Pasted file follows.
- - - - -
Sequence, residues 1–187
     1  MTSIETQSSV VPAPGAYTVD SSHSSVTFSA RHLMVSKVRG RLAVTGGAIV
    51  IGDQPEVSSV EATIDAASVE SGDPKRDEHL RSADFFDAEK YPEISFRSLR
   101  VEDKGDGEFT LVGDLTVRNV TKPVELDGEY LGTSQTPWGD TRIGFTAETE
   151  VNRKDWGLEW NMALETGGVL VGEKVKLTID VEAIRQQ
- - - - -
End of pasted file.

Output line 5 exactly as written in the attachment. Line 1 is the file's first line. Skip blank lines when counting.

   151  VNRKDWGLEW NMALETGGVL VGEKVKLTID VEAIRQQ